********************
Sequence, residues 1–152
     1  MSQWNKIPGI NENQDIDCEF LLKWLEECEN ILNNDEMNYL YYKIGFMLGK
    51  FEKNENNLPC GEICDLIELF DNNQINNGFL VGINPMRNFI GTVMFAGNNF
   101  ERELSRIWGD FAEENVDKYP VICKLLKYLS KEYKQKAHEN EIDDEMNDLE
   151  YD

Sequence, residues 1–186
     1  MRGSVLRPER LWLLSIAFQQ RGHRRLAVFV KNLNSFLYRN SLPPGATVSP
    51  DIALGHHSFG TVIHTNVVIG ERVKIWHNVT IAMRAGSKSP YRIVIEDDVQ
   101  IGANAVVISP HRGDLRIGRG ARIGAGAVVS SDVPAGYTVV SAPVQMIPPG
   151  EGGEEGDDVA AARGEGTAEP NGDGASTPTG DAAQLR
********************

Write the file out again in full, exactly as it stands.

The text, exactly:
Sequence, residues 1–152
     1  MSQWNKIPGI NENQDIDCEF LLKWLEECEN ILNNDEMNYL YYKIGFMLGK
    51  FEKNENNLPC GEICDLIELF DNNQINNGFL VGINPMRNFI GTVMFAGNNF
   101  ERELSRIWGD FAEENVDKYP VICKLLKYLS KEYKQKAHEN EIDDEMNDLE
   151  YD

Sequence, residues 1–186
     1  MRGSVLRPER LWLLSIAFQQ RGHRRLAVFV KNLNSFLYRN SLPPGATVSP
    51  DIALGHHSFG TVIHTNVVIG ERVKIWHNVT IAMRAGSKSP YRIVIEDDVQ
   101  IGANAVVISP HRGDLRIGRG ARIGAGAVVS SDVPAGYTVV SAPVQMIPPG
   151  EGGEEGDDVA AARGEGTAEP NGDGASTPTG DAAQLR